“I’m 19 and I’m on fire!” sings Lorde on Perfect Places, Melodrama’s finale, summarising succinctly the preceding forty minutes of angst, glee, insecurity, passion and paranoia: on her second album, she seeks to articulate the unbearable emotional heaviness of being on the brink of adulthood, and of all the yearning, identity crises and self-examination that that entails. That she manages it with sincerity despite her status as a global pop star success story, with triumphalism despite being so audibly let down by the reality, and with authority despite still not having completed the journey herself is what makes Melodrama such a compelling experience. That the album sounds so uplifting and intoxicating on top of that is a joy.
Perhaps Melodrama’s biggest virtue is that despite the breakups and comedowns, the album never wallows. Even at its saddest, on the twin torch songs of Liability (a continuation of the train of thought begun by Taylor Swift on Blank Space) and Writer In The Dark (in which Lorde’s Kate Bush adoration blooms fully), the confessions are made with a gentle self-acceptance and mental fortitude that elevates them above mere mopey ballads. During the more anthemic moments, too, Lorde majors on the sheer exhilaration that comes with the calamity: on Sober there’s “sparkling” shattered glass, and the messily broken relationship on Supercut, cleverly reimagined as an Instagram-friendly minute-long highlights reel, is “wild and fluorescent”. Three separate songs examine the frightening electricity induced by kissing someone for the first time, but each time any overwrought teen angst is dispelled by the coexisting revelling at the sheer electric thrill of being young and alive. It’s addictive: on Melodrama, Lorde embraces the butterflies in her stomach and transposes that feeling into one of empowerment.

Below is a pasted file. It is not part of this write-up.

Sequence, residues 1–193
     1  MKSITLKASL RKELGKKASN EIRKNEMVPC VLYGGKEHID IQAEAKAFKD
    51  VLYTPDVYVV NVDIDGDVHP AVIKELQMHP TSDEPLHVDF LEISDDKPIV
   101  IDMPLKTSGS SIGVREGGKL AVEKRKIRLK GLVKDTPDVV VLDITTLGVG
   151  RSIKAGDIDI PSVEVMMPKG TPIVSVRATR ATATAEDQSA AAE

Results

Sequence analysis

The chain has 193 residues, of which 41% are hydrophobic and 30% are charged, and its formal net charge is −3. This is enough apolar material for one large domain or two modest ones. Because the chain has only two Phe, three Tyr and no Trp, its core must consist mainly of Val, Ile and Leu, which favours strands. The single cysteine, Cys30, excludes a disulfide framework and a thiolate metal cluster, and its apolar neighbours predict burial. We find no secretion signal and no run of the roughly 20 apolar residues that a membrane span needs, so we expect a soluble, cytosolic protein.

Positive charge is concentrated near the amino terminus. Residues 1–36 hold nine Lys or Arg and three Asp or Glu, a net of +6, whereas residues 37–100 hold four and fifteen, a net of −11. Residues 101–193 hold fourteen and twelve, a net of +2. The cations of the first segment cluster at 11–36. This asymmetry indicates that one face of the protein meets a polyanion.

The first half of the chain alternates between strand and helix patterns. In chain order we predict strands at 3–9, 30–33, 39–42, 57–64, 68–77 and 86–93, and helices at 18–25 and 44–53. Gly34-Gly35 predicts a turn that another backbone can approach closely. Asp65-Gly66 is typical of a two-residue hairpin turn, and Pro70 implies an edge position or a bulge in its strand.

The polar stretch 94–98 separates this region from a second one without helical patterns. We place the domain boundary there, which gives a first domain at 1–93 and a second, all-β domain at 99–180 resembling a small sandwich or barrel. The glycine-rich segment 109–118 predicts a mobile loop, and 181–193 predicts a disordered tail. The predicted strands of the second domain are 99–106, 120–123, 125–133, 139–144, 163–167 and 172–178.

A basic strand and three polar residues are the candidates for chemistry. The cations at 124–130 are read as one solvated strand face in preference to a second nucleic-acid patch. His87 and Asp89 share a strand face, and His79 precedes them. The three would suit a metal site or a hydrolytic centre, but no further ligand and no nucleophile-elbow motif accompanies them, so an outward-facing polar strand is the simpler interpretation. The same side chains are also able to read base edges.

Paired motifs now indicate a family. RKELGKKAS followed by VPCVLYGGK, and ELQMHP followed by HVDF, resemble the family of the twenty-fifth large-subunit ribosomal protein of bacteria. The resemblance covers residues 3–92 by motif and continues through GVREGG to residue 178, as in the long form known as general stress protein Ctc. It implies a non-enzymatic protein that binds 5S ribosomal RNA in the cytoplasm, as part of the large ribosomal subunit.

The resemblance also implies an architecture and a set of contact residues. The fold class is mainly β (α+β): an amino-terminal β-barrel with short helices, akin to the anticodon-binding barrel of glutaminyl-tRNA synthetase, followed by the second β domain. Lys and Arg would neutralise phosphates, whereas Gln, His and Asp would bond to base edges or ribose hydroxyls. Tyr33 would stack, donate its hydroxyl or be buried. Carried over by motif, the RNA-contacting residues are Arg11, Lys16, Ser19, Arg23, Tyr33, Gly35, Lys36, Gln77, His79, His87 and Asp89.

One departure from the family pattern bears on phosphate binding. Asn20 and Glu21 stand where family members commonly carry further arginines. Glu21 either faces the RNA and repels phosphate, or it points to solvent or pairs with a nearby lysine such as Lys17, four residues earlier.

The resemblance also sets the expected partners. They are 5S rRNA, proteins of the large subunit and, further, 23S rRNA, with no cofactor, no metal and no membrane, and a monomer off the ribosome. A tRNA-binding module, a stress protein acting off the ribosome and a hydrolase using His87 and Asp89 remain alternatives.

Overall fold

Musically, too, Melodrama revels in its own self-determination: Max Martin, the songwriting Midas behind more number ones than anyone else this century, declared lead single Green Light to be “incorrect songwriting”, and you can see why. After all, it drags just when it should drop, but therein lies its appeal. Equally, the final 90 seconds of both Loveless and Supercut, in which long fade-outs plunge into embattled underwater meditations, make for pleasingly distinctive pauses in an otherwise rather maximalist album. Even Lorde’s newfound Bronx accent, seemingly in thrall to Regina Spektor’s semi-spoken vocalisations and acrobatics, reveals a brand of idiosyncrasy that feels uncommon among her peers.
The rest of Melodrama's final track combines an exasperated wail at the unjust realities of youthful hedonism – the realisation that no matter how flamboyant the excess, true euphoria often lies just out of grasp – with a defiant, inclusive relief at finally accepting those injustices. There’s a horribly bored description of casual sex laced with the implication that the only reason to go out is that it prevents you being at home, alone with your own introspection, and the yet all the same, the album closer feels less like a downer and more as just the culmination of a wonderfully zen, cathartically self-aware status update.
A record with a personality as pungent as Melodrama often feels more like a manifesto. It wants to tell you that your youth is your actual life, and everything afterwards is just a commemoration of it. Sure, that’s a seductive proposition to those nearing the end of adolescence, but perhaps even more irresistible are the nostalgic tingles of recognition it prompts in people, such as the present writer, nearly twice Lorde's age. Yes, it seems to be saying, the technicolour emotional palette of love then heartbreak, of regret then lessons learned, and of self-denial then introspection is almost blinding in its vibrancy. But for all life’s dark lows, other times it burns so joyously bright, and sometimes it happens all at once: oh, it screams, to be 19 and on fire again.